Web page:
A thick carbon dioxide atmosphere obscures the planet Venus. For centuries, astronomers who pointed telescopes at our cosmic neighbor only saw its clouds, which gave no hints about what might lie beneath. Only when we started exploring Venus with radar imaging and planetary spacecraft were we able to find out what its surface really looks like. This image, which shows the varied topography that hides beneath the clouds, is a composite created using radar imaging data from several missions that visited Venus: Pioneer 12, Venera 15 and 16, and Magellan. Image credit: NASA.
Fact Worth Sharing
Venus has over 80,000 volcanoes on its surface, more than any other world in the Solar System. New analysis of radar images from NASA's Magellan mission, which orbited Venus from 1990 to 1994, suggests that some Venusian volcanoes may still be active today.
Australia is celebrating space with a new coin. The Royal Australian Mint’s first minted coins for 2024 celebrate Australia's involvement in space. The Australian Space Agency, which officially formed in 2018, worked closely with the Mint to design the coin (pictured), which shows milestones like the launch of the first Australian satellite and the Apollo 11 Moon landing. Image credit: Royal Australian Mint.
India made the first launch of 2024, deploying an X-ray astronomy satellite. XPoSat, which launched on the morning of Jan. 1, will study neutron stars, black holes, and supernovae. The record for most launch attempts worldwide was broken in 2023 with 220 orbital launch attempts. India conducted seven of those launches, all of which were successful.
From The Planetary Society
Could there be life in the oceans of Enceladus? A space highlight of 2023 was the detection of phosphorus in the oceans of Saturn’s moon Enceladus. Phosphorus is a key ingredient for life on Earth, and this discovery marks the first time it has been found in an ocean off of Earth. Chris Glein, a lead scientist at the Southwest Research Institute, joins this week’s Planetary Radio to discuss the discovery and its implications for the search for life. Pictured: Enceladus imaged by the Cassini spacecraft in 2016. Image credit: NASA/JPL-Caltech/SSI/Justin Cowart.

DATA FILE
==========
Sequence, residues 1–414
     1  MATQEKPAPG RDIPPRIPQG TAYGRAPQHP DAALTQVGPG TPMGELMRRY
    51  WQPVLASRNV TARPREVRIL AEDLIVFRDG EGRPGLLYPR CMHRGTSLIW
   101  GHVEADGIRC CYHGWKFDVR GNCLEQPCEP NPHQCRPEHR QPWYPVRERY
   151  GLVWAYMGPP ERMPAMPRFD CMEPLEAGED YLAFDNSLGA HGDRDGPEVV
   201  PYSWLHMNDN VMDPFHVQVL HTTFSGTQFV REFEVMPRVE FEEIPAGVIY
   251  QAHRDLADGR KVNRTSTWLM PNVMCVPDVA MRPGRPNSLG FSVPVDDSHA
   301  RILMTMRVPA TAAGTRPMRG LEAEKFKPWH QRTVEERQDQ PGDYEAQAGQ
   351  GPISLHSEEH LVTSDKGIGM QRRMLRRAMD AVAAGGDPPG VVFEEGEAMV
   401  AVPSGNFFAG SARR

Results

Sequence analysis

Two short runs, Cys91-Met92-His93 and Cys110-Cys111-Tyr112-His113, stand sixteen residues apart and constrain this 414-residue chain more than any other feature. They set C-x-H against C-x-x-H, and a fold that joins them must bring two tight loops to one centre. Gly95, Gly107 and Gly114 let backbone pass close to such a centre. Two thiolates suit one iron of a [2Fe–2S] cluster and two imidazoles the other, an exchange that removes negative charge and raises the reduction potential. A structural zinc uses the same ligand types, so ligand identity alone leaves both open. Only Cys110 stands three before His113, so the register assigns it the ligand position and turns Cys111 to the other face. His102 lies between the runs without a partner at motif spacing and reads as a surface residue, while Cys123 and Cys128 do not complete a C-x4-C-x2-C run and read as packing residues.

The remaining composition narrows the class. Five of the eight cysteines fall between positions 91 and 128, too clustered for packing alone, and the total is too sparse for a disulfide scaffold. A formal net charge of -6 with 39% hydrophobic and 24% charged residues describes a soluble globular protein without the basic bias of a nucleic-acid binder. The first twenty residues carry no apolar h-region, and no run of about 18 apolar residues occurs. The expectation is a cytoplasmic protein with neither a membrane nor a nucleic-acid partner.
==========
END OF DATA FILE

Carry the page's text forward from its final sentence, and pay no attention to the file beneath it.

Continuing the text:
Thank you! With the support of people like you, The Planetary Society exceeded our overall $100,000 year-end campaign match goal. We also met the flash match challenge issued by CEO Bill Nye on the last day of the year, unlocking an additional $7,500. If you haven’t yet contributed, there’s still time! Invest in the Planetary Fund today and keep our work going strong into 2024.
Look for Jupiter shining high in the sky in the early evening, brighter in the sky than any of the nighttime stars. Yellowish Saturn is in the evening western sky. On Jan. 8, super-bright Venus will be near the crescent Moon in the predawn east. Find out what the rest of January's night skies have in store.
Wow of the Week
When we learn what a planet looks like, we’re able to depict it in new ways. This portrait of Venus' south pole was made by Canadian artist, retired teacher, and Planetary Society member Susan Gaby-Trotz using traditional rug hooking techniques. The piece was designed based on images from ESA's Venus Express spacecraft, showing the hot twin vortices at Venus’ south pole. Image credit: Susan Gaby-Trotz.
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We love to feature space artwork in the Downlink. If you create any kind of space-related art, we invite you to send it to us by replying to any Downlink email or writing to [email protected]. Please let us know in your email if you’re a Planetary Society member!